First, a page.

LRM: We see a lot of talking about that stuff in the movie’s first 40 minutes, so were you at all worried about losing the audience if too much went over their head or was it better to let them know exactly how things worked.

Berg: I thought that was one of the challenges that interested me. I believe that audiences certainly consider themselves smart and people actually like to learn things, and people generally like to feel as though they’re able to keep up with smart people. It’s about finding the right level of science speak to allow people to stay with it, but also let them feel like, "Wow, I’m actually learning something. I didn’t know that’s what happened." We’re close here. I’ve had a couple people say they get confused, but I’ve had more people than not say that there are things they don’t totally understand, but they get the gist of it. They understand that these guys were disagreeing about a test that has to do pressure, and they might not understand all the nuances, but from Kurt Russell and John Malkovich’s behavior, you sort of understand that, “Okay, I might not understand exactly what you’re arguing about, but I get that it’s a pretty serious issue.” If you were in the hospital with a brain tumor and you had two neurosurgeons debating what was wrong with you. One had Opinion A and one had Opinion B and one was saying “surgery” and the other was saying, “No, we’re going to do it with drugs.” You might not understand the details, but you would get the fact that these two big brain dudes were not agreeing and that’s problematic.

LRM: A lot of the survivors are out there and Mike Williams was involved with the movie as a consultant. How was it dealing with the BP people and how they might react or was that not a concern?

Berg: Yeah, BP was not particularly supportive of the film, and they quietly did as much as they could to disrupt us and make sure we didn’t get access to oil rigs and ships and helicopters and some key personnel that we wanted to. That didn’t really surprise any of us. It’s not a film that BP would be jumping up and down to get behind and support.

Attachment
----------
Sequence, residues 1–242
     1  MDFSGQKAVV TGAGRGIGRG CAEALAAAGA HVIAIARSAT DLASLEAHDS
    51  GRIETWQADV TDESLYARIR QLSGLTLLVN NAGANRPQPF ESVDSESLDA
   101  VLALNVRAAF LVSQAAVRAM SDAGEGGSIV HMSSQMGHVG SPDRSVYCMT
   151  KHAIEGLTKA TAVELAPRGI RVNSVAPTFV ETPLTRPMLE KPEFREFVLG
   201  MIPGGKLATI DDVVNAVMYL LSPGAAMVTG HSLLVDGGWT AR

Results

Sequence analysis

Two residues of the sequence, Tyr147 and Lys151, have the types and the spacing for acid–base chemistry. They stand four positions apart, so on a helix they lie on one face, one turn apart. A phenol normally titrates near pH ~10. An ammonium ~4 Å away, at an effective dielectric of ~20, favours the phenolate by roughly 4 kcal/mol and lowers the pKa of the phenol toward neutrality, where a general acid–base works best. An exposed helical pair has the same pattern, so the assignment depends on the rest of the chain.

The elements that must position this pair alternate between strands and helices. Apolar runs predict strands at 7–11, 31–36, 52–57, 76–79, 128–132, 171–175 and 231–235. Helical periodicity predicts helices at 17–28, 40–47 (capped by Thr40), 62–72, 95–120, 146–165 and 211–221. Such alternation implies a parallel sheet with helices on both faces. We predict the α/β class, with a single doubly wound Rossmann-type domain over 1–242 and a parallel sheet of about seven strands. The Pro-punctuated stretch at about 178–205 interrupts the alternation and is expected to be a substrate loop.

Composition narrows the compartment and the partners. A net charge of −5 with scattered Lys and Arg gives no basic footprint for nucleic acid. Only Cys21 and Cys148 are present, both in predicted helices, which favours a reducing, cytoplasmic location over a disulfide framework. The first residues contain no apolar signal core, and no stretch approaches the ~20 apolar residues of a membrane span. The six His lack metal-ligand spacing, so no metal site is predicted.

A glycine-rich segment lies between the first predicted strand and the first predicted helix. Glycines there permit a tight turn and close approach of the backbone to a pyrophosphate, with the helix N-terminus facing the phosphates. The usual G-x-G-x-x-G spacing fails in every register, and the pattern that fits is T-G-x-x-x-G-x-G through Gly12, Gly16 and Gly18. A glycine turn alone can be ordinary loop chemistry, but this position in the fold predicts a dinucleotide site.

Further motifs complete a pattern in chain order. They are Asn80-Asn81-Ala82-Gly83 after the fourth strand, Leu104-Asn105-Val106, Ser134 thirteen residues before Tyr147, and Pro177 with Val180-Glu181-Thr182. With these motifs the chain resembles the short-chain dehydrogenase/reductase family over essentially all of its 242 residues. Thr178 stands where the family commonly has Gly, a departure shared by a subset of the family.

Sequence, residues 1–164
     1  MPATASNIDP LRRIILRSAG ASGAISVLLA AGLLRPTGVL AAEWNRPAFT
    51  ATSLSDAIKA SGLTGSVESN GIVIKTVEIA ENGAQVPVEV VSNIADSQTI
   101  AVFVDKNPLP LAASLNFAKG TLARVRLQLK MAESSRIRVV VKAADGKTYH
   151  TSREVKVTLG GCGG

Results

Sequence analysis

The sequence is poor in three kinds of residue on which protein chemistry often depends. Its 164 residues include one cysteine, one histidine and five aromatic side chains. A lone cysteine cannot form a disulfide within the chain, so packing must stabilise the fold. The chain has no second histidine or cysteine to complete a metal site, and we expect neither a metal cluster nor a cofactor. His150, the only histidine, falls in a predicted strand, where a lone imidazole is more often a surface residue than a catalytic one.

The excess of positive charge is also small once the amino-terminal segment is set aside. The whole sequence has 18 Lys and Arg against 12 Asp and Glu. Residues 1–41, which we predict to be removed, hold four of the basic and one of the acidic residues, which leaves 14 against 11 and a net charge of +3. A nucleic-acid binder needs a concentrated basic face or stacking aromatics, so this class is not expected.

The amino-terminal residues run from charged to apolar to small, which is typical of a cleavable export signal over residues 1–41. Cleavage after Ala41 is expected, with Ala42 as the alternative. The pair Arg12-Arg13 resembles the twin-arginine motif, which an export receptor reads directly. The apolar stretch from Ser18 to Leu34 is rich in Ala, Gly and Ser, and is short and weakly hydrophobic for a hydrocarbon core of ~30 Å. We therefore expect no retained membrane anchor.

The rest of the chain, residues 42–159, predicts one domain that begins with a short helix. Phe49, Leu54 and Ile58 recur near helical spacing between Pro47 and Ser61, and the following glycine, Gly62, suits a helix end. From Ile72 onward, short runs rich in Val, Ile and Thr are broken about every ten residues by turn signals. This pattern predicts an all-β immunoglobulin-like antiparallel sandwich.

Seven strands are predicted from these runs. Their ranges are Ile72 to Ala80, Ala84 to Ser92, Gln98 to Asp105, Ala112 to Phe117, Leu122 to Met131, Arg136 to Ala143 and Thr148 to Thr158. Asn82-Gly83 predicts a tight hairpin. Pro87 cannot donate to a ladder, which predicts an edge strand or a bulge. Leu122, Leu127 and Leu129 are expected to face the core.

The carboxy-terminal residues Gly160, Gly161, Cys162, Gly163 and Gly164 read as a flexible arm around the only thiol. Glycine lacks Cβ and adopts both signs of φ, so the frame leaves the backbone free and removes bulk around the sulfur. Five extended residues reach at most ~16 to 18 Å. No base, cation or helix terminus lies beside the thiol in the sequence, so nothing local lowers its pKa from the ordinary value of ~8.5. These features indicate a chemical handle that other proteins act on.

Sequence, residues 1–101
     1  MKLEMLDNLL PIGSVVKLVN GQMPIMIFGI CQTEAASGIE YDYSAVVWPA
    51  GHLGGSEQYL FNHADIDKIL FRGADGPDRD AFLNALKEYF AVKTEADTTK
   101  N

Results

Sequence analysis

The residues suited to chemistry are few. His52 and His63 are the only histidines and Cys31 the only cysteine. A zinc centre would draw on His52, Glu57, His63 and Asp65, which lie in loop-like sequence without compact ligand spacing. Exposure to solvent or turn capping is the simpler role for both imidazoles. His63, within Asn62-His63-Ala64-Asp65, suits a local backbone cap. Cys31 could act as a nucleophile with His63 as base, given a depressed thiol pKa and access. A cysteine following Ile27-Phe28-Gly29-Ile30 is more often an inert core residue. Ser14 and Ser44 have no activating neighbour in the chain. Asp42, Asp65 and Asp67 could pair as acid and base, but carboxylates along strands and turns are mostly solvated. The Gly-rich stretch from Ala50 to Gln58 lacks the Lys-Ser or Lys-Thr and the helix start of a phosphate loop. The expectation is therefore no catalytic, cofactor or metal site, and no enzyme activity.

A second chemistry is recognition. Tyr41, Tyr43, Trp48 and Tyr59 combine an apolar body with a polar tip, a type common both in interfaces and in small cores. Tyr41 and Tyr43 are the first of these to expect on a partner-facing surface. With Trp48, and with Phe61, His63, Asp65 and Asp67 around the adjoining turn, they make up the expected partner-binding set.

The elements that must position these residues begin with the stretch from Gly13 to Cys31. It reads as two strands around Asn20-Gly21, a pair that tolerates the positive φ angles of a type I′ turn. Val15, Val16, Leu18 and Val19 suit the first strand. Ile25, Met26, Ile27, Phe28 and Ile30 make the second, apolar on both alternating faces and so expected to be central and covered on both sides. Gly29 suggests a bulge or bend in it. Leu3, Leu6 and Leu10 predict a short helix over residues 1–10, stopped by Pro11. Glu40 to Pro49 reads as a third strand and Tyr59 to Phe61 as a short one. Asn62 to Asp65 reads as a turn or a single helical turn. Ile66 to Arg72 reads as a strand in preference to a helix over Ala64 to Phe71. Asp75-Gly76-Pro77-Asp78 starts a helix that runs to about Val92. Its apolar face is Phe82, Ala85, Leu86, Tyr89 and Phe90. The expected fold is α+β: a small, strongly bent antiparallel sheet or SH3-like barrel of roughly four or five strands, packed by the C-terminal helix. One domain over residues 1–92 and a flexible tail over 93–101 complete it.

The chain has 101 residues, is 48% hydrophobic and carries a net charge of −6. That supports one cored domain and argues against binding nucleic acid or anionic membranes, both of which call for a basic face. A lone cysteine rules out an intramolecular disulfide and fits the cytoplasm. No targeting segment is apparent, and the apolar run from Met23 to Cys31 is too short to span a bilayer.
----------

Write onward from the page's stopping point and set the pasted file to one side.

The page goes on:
LRM: I imagine not. And you actually ended up building an oil rig of some kind for the film?

Berg: Yeah, a giant chunk of it. We built one big piece, a couple of smaller pieces and then we used computers to tie it all together. 

LRM: Were you able to get your hands on original blueprints or anything like that?

Berg: Yes, oh, yeah, yeah. Our production designer Chris Seagers did a remarkable job. Yes, he had blueprints—you’re the first one to ever ask that question, good question… and we also had guys who had built rigs, plenty of guys that had worked on them who worked with our production design team to get it right, down to vents and pipes and storage bins. It was all very, very, very accurate.

LRM: This is a different movie from “Lone Survivor,” and one of the movies it reminded me of while I was watching it was Irwin Allen’s “The Towering Inferno,"  made in 1974 right after the World Trade Center was built, suggesting that maybe we shouldn’t be building these giant skyscrapers. Is there something like that involved in you wanting to tell this story about what might happen if we continue to try to mine the earth for its natural resources?